For a Buyer merely accepting a fuel basis a certificate of analysis, with some times a typical data, can be quite risky.
It is therefore, imperative for the Supplier to commit to an ISO 8217 grade, as this will offer greater protection to Buyers.
2. Fuel is not fit for its intended use
If a charter party is subject to English law then the principle of ‘fit for intended use’ is always valid as per ‘Sale of goods act and the supply of goods and services act’.
No doubt, the transition to 0.50% sulphur is a huge undertaking for both the bunkering and the shipping industry as the entire world will basically be an ECA.
The desirable outcome would be either using compliant fuels or technologies that achieve emission reductions including the fair and safe implementation, while dealing with potential problems such as the genuine shortage of compliant fuels in some areas.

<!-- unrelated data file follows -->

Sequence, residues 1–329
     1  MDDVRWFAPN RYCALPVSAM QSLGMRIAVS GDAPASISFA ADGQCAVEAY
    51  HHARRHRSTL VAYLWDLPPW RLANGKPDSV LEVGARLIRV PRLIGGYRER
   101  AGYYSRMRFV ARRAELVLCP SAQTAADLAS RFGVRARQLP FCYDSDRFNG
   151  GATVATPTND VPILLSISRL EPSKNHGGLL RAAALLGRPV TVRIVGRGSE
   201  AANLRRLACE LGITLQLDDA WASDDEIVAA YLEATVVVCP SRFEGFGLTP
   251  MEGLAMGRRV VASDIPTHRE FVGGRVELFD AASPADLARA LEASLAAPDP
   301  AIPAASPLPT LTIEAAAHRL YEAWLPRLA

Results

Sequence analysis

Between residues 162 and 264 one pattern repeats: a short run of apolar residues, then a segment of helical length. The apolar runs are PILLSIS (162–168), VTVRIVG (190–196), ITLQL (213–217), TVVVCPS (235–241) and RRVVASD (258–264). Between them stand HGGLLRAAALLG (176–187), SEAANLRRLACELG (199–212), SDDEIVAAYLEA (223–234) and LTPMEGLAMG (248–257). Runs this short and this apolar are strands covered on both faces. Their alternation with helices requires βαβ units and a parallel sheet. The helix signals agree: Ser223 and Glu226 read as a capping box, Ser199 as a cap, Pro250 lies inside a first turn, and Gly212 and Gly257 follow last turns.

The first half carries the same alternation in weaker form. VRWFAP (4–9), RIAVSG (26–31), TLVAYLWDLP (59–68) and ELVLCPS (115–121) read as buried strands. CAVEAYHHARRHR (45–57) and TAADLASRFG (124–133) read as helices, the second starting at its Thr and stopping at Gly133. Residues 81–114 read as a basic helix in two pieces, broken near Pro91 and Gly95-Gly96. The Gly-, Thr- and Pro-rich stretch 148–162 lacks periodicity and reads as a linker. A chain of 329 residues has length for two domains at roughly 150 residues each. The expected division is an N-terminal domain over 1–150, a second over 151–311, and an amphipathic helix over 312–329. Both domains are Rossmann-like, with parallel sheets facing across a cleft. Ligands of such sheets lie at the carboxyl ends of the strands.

Contributed by Bill Stamatopoulos, Business Development Manager, Bureau Veritas VeriFuel.
The views presented hereabove are only those of the author and not necessarily those of GREEN4SEA and are for information sharing and discussion purposes only.
Bill Stamatopoulos holds a Bachelor in Business Administration and an MBA with specialization in Total Quality Management from the University of Leicester. He joined Det Norske Veritas (DNV) in 1991 and in 2010 Bill became the Regional Manager of DNV Petroleum Services for Europe, responsible for sales, lab operations, technical, surveys and consultancy. Since 2004 he is appointed at the Hellenic Organization for Standardization, Committee 66 for Petroleum Products, by the Hellenic Chamber of Shipping. Bill is a co-Author of ‘Marine Fuels’, a specialized book in shipping, published in June 2008 and currently working in a new edition. During the last 15 years, Bill has given several presentations and training courses on all fuel-related issues. As of 01 October 2015, Bill joined Bureau Veritas VeriFuel .